Large physician groups are using only one-third of recommended care-management processes for asthma, congestive heart failure, depression and diabetes, according to a study appearing in tomorrow's Journal of the American Medical Association. The four conditions account for about 140,000 deaths and more than $143 billion in costs each year in the U.S. Examining more than 1,000 physician groups with 20 or more doctors, researchers found that the groups on average employed 32% of 16 recommended care-management processes, including use of nurse care managers, development of disease registries and feedback to physicians on quality of care. Part of the problem is a lack of technology in doctors' offices and economic constraints limiting investments in electronic medical records. What's more, one in three physician groups reported having no incentives to improve quality. "The results suggest that Americans are not receiving care that is as good as it could and should be," said Stephen Shortell, principal investigator and dean of the School of Public Health at the University of California at Berkeley,. -- by Michael Romano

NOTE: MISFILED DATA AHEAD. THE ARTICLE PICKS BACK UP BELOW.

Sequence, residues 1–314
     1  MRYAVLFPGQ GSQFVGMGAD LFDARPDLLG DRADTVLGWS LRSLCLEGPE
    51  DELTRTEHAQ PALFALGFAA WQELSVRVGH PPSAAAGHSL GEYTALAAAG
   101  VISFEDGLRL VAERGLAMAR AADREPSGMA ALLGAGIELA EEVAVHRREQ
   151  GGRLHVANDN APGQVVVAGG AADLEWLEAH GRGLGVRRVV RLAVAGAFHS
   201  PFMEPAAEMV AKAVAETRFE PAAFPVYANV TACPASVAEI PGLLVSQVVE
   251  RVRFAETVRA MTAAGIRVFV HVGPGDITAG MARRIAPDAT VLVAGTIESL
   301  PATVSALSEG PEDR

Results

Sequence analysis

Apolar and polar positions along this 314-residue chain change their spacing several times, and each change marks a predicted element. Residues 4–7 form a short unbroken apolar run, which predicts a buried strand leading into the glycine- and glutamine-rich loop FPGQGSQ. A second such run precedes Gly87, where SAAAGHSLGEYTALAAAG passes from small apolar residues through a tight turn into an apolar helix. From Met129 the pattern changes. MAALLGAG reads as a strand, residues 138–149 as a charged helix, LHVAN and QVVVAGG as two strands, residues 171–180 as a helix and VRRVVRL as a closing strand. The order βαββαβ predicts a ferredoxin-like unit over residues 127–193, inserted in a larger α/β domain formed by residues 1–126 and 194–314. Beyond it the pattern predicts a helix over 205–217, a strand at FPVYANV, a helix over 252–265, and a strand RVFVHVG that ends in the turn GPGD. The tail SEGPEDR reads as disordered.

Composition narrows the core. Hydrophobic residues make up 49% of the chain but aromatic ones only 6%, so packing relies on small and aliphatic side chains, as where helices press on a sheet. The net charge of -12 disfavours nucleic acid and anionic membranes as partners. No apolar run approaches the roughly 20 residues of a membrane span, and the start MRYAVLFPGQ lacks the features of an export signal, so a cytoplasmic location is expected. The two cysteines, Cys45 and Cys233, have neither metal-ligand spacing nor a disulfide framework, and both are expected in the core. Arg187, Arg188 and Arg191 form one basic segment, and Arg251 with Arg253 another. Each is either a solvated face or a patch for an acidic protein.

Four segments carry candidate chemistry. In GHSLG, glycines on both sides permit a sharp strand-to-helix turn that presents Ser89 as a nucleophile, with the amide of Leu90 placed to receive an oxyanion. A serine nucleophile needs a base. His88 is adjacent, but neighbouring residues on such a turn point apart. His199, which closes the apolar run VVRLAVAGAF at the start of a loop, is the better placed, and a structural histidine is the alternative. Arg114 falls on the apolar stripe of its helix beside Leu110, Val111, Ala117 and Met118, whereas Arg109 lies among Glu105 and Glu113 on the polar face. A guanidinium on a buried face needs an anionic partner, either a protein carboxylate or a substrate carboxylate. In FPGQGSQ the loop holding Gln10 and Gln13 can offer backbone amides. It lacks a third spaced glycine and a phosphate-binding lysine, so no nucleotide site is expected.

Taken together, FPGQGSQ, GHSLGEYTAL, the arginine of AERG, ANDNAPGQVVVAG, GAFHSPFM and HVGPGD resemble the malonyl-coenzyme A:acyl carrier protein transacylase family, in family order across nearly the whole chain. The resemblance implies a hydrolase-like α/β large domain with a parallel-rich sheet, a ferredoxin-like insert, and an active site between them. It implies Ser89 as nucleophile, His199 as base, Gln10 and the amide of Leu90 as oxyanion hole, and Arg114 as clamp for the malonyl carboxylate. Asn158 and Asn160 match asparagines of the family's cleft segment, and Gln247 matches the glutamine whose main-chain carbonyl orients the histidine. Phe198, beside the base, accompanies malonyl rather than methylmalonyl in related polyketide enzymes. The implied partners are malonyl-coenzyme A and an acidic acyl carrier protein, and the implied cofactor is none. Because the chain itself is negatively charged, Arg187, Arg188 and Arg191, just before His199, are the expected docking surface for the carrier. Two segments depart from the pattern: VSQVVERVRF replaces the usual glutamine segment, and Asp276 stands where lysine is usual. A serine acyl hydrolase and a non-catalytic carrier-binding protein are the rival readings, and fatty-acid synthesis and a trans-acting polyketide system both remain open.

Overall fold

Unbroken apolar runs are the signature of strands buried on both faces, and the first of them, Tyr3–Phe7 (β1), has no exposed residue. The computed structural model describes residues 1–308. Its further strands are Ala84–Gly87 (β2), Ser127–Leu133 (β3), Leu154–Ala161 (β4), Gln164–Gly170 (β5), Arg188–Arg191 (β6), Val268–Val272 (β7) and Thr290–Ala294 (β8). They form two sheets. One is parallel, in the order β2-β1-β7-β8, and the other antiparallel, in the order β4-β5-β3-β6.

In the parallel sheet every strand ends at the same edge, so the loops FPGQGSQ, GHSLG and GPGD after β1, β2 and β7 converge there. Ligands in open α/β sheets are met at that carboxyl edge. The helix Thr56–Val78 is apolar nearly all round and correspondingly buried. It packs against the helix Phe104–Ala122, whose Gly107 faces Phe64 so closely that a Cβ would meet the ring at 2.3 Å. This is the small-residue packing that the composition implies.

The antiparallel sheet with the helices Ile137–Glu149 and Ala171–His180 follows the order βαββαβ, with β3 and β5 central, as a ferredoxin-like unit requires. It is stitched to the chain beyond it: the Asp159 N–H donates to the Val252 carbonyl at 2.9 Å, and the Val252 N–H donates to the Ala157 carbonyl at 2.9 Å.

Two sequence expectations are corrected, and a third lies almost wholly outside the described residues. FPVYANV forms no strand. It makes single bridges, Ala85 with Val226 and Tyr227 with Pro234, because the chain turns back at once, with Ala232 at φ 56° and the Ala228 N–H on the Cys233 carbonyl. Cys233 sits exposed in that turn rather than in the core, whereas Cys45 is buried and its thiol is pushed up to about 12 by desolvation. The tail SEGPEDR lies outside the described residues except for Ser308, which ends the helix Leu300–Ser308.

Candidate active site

Care-management practices going by wayside
Send us a letter
Have an opinion about this story? Click here to submit a Letter to the Editor, and we may publish it in print.